ISIS evolving into ‘effective clandestine organization’ US Pentagon warns

ISIS forces in RamadiA report from the United States Department of Defense warns that the Islamic State is swiftly returning to its insurgent roots, as observers in Iraq and Syria caution that the group is witnessing a revival. It has been four years since the Islamic State —known then as the Islamic State of Iraq and Syria, or ISIS— conquered much of eastern Syria and more than a third of Iraq’s territory. But by the end of 2017, virtually the entirety of ISIS’ self-styled ‘caliphate’ had been obliterated by an ‘unholy alliance’ of US-backed Iraqi government forces, Iranian-supported Shiite militias, Kurdish guerillas and Western airpower.

However, experts warn that, despite its loss of territorial control, the Islamic State maintains an active force of as many as 30,000 armed fighters in Iraq and Syria. Additionally, a recent US government report argues that, having been driven out of nearly all of the territory that it once held, the Islamic State is promptly “returning to its insurgent roots”. The report, authored by analysts at the US Department of Defense, claims that the militant Sunni group is “re-emerging as a guerrilla force”. In the place of what used to be a de-facto state, an “effective clandestine ISIS organization appears to be taking hold”, it states. The Pentagon document, summarized in a Financial Times article on Thursday, appears to be backed by information from the ground in Iraq and Syria. Iraqi military sources told The Times that ISIS appears to have more fighters in its ranks than initially thought, and that the group’s organizational structure that helped it grow in the first place “has not been eliminated”.

Moreover, the group is “still well-funded” and its operations remain lethal, said the paper, especially in Iraq, where it continues to undermine the government’s efforts to improve the country’s security. Islamic State fighters are systematically targeting regional leaders, said The Times, in an effort to prevent the government from delivering economic development in Iraq’s Sunni-majority western regions. A similar pattern of activities is being observed in Syria, where a resurgence of ISIS activity has prolonged the deployment of around 2,000 US military personnel there. What is more, ISIS fighters frequently cross the Iraq-Syria border and spend much of their time in safe houses and other hideouts. The paper quotes Yahya Rasool, spokesperson for the Iraqi Army’s Joint Operations Command, who says that “our war on ISIS today is an intelligence war, not a military war. We are searching and raiding their hide-outs”.

Author: Joseph Fitsanakis | Date: 07 December 2018 | Permalink

Advertisements

US delegation met secretly with Syrian intelligence chiefs, newspaper claims

Ali MamloukA delegation of senior American government officials met secretly with Syria’s spy chiefs in an effort to lay out the terms of a possible deal between Washington and Damascus, according to a Lebanese newspaper. Relations between the United States and Syria have been strained since the late 1950s, when Damascus blamed Washington for a failed coup and expelled America’s ambassador there. In 2012, the US shut down its embassy in the Syrian capital in response to the government’s violent suppression of protests. Since then, Washington has carried out missile strikes on Syrian soil at least twice, while openly supporting armed groups that are opposed to the government of President Bashar al-Assad.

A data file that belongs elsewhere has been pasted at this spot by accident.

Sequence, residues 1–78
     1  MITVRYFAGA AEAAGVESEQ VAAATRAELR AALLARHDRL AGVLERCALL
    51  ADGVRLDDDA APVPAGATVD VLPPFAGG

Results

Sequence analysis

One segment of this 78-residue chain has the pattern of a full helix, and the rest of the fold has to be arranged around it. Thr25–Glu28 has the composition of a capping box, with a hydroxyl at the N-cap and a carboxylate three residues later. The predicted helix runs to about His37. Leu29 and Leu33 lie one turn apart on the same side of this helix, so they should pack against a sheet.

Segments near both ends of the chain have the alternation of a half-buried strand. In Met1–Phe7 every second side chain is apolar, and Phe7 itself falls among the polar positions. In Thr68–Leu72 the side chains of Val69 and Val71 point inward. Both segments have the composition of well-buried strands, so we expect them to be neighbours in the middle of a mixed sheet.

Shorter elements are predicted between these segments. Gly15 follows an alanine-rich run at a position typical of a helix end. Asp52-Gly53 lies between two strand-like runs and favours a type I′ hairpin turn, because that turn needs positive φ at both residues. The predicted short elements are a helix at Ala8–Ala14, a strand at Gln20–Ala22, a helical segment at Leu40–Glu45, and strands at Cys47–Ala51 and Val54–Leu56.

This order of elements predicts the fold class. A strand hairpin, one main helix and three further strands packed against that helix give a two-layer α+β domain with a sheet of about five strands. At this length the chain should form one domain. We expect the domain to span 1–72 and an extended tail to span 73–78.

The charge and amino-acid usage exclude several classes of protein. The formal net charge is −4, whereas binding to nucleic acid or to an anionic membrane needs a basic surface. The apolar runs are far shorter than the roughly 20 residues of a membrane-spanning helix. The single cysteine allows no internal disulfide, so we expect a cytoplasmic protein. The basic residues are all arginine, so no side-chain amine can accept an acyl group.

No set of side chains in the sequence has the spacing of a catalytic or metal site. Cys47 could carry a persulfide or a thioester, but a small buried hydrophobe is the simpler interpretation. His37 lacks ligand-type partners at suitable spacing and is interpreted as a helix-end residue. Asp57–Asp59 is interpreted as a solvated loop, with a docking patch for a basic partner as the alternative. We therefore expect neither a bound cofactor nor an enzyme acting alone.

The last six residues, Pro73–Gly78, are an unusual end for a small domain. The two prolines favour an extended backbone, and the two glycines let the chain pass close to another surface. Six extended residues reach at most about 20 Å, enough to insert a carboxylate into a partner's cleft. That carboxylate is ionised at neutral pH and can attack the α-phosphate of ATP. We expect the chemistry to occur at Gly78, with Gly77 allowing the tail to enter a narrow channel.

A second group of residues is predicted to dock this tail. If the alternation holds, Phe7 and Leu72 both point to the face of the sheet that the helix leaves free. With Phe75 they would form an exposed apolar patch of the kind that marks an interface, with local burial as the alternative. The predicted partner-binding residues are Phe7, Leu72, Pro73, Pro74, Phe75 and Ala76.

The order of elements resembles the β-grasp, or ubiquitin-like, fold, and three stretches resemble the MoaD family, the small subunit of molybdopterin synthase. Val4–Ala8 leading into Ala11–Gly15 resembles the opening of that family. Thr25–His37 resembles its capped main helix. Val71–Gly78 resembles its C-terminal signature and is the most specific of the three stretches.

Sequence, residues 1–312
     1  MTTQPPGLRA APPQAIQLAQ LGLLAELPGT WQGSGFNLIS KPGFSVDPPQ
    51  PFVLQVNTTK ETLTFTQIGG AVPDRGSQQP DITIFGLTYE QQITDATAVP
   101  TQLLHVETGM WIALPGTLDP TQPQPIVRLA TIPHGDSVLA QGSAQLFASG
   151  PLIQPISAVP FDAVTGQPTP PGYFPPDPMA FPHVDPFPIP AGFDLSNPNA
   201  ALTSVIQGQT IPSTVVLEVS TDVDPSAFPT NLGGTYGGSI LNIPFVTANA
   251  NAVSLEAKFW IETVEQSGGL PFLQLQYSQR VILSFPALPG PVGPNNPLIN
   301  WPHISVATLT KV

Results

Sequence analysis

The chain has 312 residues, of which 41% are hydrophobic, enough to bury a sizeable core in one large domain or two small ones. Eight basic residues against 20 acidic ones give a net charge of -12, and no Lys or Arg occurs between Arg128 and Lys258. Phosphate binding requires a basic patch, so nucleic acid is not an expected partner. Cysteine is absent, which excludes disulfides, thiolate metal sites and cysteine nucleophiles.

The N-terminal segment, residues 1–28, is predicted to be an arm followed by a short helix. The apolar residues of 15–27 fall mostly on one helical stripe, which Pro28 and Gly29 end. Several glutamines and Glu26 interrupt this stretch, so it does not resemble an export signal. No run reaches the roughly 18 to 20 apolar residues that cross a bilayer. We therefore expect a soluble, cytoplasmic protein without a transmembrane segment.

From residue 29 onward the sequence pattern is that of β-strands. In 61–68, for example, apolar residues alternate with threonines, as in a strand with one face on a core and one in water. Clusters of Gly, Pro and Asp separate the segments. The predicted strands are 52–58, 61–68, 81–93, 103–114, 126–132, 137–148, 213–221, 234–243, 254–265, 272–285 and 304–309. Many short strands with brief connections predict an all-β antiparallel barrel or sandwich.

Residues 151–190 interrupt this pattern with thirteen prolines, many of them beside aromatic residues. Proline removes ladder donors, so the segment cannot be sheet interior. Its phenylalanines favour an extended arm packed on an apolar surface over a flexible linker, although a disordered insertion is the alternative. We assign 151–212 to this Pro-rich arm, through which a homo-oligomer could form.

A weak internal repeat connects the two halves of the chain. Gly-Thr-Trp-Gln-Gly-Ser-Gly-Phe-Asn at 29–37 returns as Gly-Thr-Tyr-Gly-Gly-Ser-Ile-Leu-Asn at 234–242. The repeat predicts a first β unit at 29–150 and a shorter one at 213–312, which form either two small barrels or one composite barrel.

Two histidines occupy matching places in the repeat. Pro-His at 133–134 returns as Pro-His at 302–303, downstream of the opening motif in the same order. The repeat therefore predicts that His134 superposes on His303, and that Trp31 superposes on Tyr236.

But according to the Lebanese newspaper Al-Akhbar, a group of senior American officials held a secret meeting in Damascus with Syrian spy chiefs. If true, the move could signify a major shift in US-Syrian relations. The paper, which supports the pro-Assad Shiite paramilitary group Hezbollah, and is close to the Syrian government, published news of the alleged meeting on Tuesday. It said that the meeting took place in complete secrecy during the last week of June and that it was facilitated by intermediaries from Russia and the United Arab Emirates. The latter used a UAE government airplane to fly the US delegation —whose names Al-Akhbar did not reveal— to the Syrian capital. The visiting delegation, which according to the paper “included [senior] officers from many US intelligence and security agencies”, was transported to a secret Syrian government facility in the dead of night by “a huge procession of black SUVs”, said the paper. The Syrian delegation at the meeting was reportedly headed by Ali Mamlouk, special security adviser to President al-Assad and head of the National Security Bureau of the governing Ba’ath Party. Other participants from the Syrian side included Mohammed Dib Zeitoun, director of the General Security Directorate, and Muwaffaq Asaad, the deputy chief of staff of the Syrian Armed Forces, said Al-Akhbar.

During the meeting, the two sides allegedly attempted to lay out the foundations of a possible post-civil war deal between Washington and Damascus. According to the Lebanese paper, the US delegation offered to withdraw American Special Forces from Kurdish-controlled northern Syria. In return, they allegedly asked for the removal of Iranian troops from Syrian regions that are adjacent to the Israeli border. The two sides also discussed the resumption of intelligence sharing on matters relating to Sunni radicals operating in Syria. No decisions were taken during the meeting, said Al-Akhbar, but the two sides decided to continue to share proposals and ideas about a possible bilateral agreement.

The French news agency Agence France Presse said on Tuesday that it could not independently confirm Al-Akhbar’s claims, as its attempts to contact the US departments of State and Defense were not fruitful. It noted, however, that both Mamlk and Zeitoun feature on the US government’s list of sanctions against Syrian government officials that are believed to have directly participated in human-rights abuses against political opponents since the outbreak of the civil war in 2011.

Author: Joseph Fitsanakis | Date: 29 August 2018 | Permalink

ISIS remains strong with 30,000 members in Iraq and Syria, experts warn

ISIS forces in RamadiThe Islamic State has recovered from some of its recent defeats in the battlefield and has as many as 30,000 committed members in Iraq and Syria, according to two reports by American and United Nations experts. Last month, the Iraqi government announced that the war against the group, which is also known as the Islamic State of Iraq and Syria (ISIS) had been won. The statement was echoed by the United States President Donald Trump, who said that the war against the militant Sunni group was “98 percent” over. But now two new reports, one produced by the United States Department of Defense and the other by an expert UN panel, warn that both ISIS and al-Qaeda remain powerful, popular and dangerous in Iraq, Syria, and many other regions of the world.